Learning to appreciate her as she is has taught me to go deep enough inside to
access an unconditional love.
How did writing this story affect you?
It was cathartic. As I wrote, wave after wave of poignancy, fear, guilt,
laughter, rage, sexual arousal, and grief crashed over me. Inventing the points
of view of Ruth and Cherie awakened love and compassion in me for my own
relatives that I'd never have thought myself capable of. I began to understand
that my terribly painful family life laid the groundwork for me to evolve into
who I am today, which I enjoy very much. In Daddy's Girls, I expose my dark
side, lay my deepest truth on the line, because I feel that coming to terms with
the fear and guilt we associate with mental illness can make a difference to us
personally, and to society. We alienate the mentally ill because of our fear of
how easily it might happen to us, but in doing so we not only shun the most
defenseless among us, but forfeit the chance to see how we grow, which can
provide comfort and strength. By considering insanity in a spiritual context, we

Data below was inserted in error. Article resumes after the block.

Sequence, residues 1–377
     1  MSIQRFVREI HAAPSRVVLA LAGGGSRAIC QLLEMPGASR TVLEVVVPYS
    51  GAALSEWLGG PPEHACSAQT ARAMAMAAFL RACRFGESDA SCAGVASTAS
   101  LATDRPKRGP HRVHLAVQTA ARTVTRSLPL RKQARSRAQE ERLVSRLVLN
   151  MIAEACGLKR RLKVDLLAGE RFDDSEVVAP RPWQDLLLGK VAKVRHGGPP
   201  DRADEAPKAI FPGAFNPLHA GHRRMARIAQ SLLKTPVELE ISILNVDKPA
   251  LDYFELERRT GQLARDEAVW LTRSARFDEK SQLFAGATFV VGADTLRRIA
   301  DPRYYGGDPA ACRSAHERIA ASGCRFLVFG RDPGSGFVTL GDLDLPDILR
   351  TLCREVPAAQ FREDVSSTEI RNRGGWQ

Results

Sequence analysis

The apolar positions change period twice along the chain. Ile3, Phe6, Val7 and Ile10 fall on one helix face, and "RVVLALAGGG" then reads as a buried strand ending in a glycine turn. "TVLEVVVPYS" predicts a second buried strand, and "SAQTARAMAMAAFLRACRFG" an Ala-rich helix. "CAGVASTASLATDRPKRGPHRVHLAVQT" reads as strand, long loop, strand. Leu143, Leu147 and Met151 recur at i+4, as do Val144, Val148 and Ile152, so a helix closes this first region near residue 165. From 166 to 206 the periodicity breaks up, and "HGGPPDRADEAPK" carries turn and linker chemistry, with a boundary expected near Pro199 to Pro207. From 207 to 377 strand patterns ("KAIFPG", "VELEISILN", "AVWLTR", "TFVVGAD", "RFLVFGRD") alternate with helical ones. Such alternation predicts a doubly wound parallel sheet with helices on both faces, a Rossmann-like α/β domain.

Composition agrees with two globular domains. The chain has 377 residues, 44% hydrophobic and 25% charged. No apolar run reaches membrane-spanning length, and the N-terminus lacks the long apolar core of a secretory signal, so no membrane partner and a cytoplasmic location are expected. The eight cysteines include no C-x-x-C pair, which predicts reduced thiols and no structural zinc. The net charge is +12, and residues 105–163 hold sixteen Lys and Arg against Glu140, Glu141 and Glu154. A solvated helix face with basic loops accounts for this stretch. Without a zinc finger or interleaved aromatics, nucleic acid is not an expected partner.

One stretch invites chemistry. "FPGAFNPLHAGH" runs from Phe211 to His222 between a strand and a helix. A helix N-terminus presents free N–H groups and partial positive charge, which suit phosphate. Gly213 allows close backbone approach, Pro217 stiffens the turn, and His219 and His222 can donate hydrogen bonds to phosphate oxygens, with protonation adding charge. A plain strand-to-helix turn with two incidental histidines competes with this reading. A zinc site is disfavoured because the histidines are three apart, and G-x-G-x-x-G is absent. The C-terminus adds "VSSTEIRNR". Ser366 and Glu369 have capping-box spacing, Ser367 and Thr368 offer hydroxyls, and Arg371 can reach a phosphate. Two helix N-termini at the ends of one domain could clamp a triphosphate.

acknowledge both the lesson within it and the person teaching it. We accept it
as it is, and afford it dignity. In a broader context, when we search for
meaning in the tragic, we tap into deeper levels of existence that transform our
vision of life to bring love and peace of mind.
How does your mother feel about the book?
She tells me it's very well written and compelling reading. She hasn't
commented about the mother character very much. She gets upset about some of the
Cherie vignettes when they portray something she's afraid may actually have
happened, which shows me how hard she's still trying to love and protect her
What happened to your sister? Where is she now?
She's still in the mental health system, and as I see it, still fulfilling
her purpose. Whenever I see, speak to or even think about her, I'm challenged
to open my heart wider, to transform my grief and guilt into love, gratitude and
compassion for all she's sacrificed for our sakes. In that way, both our
mother and I are blessed by our relationship with her.
Tell me more about your spiritual perspective on the nature of mental
On the surface, the specific events in Daddy's Girls may seem unremarkable,